Westminster poised to hand Norwich spending power

PUBLISHED: 06:30 19 February 2013

Deputy Prime Minister Nick Clegg Stefan Rousseau/PA

Deputy Prime Minister Nick Clegg Stefan Rousseau/PA

The government is poised to give Norfolk’s political and business leaders powers and money which could see the Norwich Research Park quadruple in size.

Deputy prime minister Nick Clegg yesterday ordered Whitehall officials to begin negotiations with city leaders to see how the hand-over might take place.

Under the government’s City Deals scheme ministers promised to pass local authorities powers, along with budgets that come with them, that previously were only wielded from Westminster.

To get a deal cities would have to show they could use the powers to substantially fire economic growth in their area; Norfolk councils proposed to use one to turbo-charge the life sciences sector at the Norwich Research Park (NRP).

Mr Clegg said: “Each deal is different, depending on the needs of the specific city or region, but the principle is always the same; central government hands over a set of freedoms.

“Deals are not one size fits all – they will be specifically negotiated between government and the city to reflect individual, different needs.

He added: “So for Norwich, [it will focus on] powers that will help to accelerate the growth of the Norwich Research Park and the internationally recognised environmental and life sciences industry.”

Up to now only the eight largest cities outside London have been granted a City Deal. Birmingham’s saw the city take £20m for a new life sciences centre, meanwhile the area’s councils took control of a £1.5bn investment fund.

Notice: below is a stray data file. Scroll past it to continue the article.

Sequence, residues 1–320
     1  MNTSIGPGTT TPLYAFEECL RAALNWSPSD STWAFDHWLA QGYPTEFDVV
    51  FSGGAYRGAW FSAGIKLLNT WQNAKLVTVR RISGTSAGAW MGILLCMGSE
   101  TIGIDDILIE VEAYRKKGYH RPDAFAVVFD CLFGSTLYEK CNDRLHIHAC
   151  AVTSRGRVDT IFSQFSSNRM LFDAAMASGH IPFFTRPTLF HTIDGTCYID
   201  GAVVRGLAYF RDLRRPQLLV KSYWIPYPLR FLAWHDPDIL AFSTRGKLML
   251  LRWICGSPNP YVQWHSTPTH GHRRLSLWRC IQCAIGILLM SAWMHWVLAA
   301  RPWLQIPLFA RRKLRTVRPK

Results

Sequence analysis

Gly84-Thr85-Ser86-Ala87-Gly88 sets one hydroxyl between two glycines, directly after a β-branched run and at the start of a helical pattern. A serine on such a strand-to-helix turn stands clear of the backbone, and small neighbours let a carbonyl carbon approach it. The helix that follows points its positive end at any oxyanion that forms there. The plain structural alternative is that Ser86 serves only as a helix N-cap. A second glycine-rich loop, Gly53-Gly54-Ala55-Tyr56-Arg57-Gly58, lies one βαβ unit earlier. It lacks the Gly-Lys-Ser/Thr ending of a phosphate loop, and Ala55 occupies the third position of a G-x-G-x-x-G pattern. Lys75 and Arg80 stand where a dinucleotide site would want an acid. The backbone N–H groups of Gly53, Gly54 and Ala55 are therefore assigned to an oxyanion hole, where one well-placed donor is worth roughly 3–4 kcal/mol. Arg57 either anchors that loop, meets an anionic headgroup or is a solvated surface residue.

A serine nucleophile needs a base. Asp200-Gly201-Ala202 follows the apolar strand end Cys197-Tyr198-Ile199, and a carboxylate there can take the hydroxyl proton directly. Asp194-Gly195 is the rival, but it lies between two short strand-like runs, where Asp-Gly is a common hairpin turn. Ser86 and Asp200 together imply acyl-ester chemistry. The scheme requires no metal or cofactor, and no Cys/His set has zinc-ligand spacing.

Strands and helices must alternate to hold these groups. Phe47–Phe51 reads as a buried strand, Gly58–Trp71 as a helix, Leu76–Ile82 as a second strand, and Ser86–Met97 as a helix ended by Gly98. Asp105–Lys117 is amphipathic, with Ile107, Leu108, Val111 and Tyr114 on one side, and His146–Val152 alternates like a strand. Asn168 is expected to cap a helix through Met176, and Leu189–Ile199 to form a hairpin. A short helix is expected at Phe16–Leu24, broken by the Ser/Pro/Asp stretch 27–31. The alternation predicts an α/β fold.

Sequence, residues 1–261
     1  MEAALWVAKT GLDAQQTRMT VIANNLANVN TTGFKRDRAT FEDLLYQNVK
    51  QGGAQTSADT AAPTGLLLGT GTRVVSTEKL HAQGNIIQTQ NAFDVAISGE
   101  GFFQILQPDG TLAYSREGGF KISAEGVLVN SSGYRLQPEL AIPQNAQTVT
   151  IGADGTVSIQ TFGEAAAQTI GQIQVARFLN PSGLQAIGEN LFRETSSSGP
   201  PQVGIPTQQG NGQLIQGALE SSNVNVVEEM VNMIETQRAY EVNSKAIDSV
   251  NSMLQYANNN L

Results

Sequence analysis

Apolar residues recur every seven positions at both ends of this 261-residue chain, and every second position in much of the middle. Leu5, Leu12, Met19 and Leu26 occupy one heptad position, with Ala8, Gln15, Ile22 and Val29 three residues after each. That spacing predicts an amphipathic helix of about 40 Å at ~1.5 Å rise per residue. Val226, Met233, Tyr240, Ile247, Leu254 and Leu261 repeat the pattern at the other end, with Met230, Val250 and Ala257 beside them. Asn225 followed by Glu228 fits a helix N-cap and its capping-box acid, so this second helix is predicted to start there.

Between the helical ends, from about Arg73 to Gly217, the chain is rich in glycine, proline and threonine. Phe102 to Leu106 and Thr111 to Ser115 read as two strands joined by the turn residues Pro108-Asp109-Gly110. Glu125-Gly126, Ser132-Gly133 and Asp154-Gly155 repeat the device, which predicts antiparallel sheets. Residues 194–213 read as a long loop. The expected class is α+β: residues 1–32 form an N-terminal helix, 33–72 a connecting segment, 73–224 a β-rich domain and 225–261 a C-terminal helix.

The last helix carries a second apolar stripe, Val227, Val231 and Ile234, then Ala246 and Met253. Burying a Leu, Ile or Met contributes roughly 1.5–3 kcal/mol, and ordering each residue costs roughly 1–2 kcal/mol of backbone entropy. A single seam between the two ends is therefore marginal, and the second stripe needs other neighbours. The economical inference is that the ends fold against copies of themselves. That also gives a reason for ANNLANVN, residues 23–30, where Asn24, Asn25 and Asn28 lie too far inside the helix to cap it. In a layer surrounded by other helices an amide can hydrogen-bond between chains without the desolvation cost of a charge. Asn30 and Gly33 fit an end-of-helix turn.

The Norfolk deal was proposed by the Greater Norwich Development Partnership – made up of Norwich City Council, South Norfolk Council, Broadland District Council and Norfolk County Council with the New Anglia Local Enterprise Partnership.

If the government agrees the partnership could borrow money to fund big transport infrastructure projects and then fast track them through government agencies.

Meanwhile, the partnership would get a commanding say on how education budgets are spent, allowing them to train young people to work in the city’s growing industries such as the life sciences at the NRP.

A range of financial products, loans and grants, is also planned to help growth and innovation. Negotiations on exactly how the deal will work could now last a matter of months.

Leader of South Norfolk John Fuller said: “This is a huge vote of confidence by ministers in Norwich Research Park. In the last month we have granted outline planning permission for its expansion, which will create thousands of new jobs and bring new high skill employment to the county.”

Brenda Arthur, leader of Norwich City Council, said: “We are confident we can make a real difference to our local economy.”


  • What's this? Pouring billions down the drain of creating more jobs of doubtful social benefit for scientists and their entourages, at a time when thousands of vital public sector staff have been given the boot due to spending cuts. I mean we don’t even have the money to adequately resource the ambulance service, or pay for meat inspectors to keep horsey out of our cheapo burgers. Apart from creating new jobs doing frivolous and unnecessary work, who else will gain from the boffins' spurious activities? More entrepreneurs like one George Freeman MP by some chance, poised to cash in on any worthwhile breakthrough, although that would be an unlikely first for the Norwich scientific community.

    Report this comment

    Mr Cameron Isaliar

    Tuesday, February 19, 2013

  • By all means turbo charge the Norwich Research Park, but do not waste good money after bad. To continue supporting firms whose products have no markets, is wasting money. This support should have come two years ago, why now?, just before an important NCC election?

    Report this comment

    ingo wagenknecht

    Tuesday, February 19, 2013

  • Is there an election soon?

    Report this comment

    Mr Cameron Isaliar

    Tuesday, February 19, 2013

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